Making yet another case for how the concept of national electronic health records is probably a bad idea at this point in time with respect to our understanding of health IT and its social-technical interactions and challenges, it appears the military's EHR system AHLTA is simply a disaster. [Note: this is not to denigrate the military, and I am very thankful to all who serve and defend our country and freedoms. HIT problems seem unfortunately universal - ed.] All of the preventable elements I've written about are present: unreliability to due inadequate attention to resilience engineering, a mission hostile user experience, time-wasting, demoralization of clinicians, and a cornucopia of other predictable (to informatics experts) consequences when health IT is managed by anyone other than experts.

Just as our economy and culture are now falling apart at the seams as a result of decades of mismanagement and corruption, from micro to macro levels, in most domains (borrowing a phrase from Rev. Jeremiah Wright, "the chickens are coming home to roost"), so the wages of incompetence and corruption in healthcare and healthcare IT are rearing their ugly head. This is the situation in the setting of a relatively constrained patient population (primarily active military personnel and families):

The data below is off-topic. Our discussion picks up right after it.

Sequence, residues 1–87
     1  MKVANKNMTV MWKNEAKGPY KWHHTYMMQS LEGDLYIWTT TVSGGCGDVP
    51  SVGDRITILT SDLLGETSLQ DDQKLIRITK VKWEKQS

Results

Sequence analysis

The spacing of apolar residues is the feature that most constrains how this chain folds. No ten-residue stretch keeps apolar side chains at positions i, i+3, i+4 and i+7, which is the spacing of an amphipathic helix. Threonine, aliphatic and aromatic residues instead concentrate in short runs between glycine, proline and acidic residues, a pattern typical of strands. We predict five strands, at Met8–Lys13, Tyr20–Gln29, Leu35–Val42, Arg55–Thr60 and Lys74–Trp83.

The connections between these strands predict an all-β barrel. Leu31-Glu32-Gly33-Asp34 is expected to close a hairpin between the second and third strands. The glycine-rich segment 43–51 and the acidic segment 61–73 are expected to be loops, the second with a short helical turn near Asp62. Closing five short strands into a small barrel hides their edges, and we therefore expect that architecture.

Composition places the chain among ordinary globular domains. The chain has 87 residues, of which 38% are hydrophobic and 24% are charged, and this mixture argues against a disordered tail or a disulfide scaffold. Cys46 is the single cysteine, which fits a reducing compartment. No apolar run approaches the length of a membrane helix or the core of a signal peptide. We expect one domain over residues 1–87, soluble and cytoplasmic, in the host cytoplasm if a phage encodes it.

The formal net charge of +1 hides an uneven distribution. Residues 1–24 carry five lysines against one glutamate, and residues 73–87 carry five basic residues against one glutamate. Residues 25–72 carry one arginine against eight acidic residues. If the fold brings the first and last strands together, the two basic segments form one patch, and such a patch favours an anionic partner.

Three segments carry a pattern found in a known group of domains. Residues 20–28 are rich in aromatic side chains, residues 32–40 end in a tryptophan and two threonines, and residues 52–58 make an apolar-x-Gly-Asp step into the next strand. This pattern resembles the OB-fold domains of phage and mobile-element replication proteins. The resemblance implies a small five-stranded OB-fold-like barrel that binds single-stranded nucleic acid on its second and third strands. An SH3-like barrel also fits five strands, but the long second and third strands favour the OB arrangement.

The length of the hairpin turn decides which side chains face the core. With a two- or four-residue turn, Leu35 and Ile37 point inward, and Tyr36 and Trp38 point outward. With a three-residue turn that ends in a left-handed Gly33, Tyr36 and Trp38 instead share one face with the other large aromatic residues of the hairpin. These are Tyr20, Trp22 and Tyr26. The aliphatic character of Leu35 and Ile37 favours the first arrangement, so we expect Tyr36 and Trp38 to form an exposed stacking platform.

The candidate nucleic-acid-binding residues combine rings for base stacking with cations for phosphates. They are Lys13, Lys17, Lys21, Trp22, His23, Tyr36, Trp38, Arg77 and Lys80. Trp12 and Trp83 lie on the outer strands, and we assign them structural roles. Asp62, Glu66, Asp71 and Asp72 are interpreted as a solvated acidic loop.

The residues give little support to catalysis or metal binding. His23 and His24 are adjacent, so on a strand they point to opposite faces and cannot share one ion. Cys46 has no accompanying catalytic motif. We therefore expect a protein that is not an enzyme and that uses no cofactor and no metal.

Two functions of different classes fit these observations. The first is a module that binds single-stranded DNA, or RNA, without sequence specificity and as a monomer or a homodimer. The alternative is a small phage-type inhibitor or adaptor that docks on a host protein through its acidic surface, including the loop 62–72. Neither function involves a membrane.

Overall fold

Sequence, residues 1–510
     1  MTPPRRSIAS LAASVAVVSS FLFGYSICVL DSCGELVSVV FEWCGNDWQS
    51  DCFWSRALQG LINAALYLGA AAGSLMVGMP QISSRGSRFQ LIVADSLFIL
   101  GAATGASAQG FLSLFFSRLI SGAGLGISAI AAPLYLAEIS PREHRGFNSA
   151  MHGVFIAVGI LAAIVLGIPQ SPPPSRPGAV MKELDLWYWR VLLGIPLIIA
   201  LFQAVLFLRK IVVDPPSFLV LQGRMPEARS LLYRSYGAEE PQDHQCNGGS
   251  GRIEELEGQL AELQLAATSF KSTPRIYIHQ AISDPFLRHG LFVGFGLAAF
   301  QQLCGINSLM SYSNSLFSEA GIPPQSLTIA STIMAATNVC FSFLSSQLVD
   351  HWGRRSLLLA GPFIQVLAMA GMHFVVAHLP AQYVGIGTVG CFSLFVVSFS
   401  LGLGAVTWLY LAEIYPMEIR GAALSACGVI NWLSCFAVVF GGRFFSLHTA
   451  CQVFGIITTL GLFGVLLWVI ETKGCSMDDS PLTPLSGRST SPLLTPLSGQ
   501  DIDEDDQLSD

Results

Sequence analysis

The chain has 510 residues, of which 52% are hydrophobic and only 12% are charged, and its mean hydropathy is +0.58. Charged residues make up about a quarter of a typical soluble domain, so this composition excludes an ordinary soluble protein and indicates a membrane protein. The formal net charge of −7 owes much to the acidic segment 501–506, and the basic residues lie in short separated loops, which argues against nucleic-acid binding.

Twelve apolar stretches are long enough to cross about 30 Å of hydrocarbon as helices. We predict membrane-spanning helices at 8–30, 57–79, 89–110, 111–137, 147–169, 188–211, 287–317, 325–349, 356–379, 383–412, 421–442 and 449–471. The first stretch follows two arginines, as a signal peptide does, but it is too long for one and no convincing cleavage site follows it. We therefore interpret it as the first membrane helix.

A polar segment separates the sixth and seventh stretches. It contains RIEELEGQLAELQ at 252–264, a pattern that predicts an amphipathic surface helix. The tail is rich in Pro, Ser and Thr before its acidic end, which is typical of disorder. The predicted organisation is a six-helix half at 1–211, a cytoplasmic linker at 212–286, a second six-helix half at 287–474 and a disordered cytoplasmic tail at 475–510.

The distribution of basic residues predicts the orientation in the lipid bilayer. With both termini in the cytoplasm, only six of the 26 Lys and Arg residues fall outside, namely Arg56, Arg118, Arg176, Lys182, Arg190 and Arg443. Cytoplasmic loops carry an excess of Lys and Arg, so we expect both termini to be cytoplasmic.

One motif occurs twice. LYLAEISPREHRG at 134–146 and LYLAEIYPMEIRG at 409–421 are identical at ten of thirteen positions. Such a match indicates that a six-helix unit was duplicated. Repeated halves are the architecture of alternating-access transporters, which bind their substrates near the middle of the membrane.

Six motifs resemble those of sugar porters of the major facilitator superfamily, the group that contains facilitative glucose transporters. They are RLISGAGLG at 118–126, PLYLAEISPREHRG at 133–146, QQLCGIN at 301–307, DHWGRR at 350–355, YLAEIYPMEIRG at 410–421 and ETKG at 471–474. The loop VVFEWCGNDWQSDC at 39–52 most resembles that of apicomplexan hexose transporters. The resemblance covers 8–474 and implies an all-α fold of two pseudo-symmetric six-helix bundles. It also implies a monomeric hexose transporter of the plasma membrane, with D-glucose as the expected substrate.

U.S. Medicine - the Voice of Federal Medicine

May 2009

Electronic Records System Unreliable, Difficult to Use, Service Officials Tell Congress - By Sandra Basu

WASHINGTON—AHLTA, the Department of Defense’s $4 million [sic - that should be $4 billion - ed.] electronic medical record system, continues to be difficult for military physicians to use, according to top military health leaders who spoke at a House Armed Services subcommittee hearing at the end of March.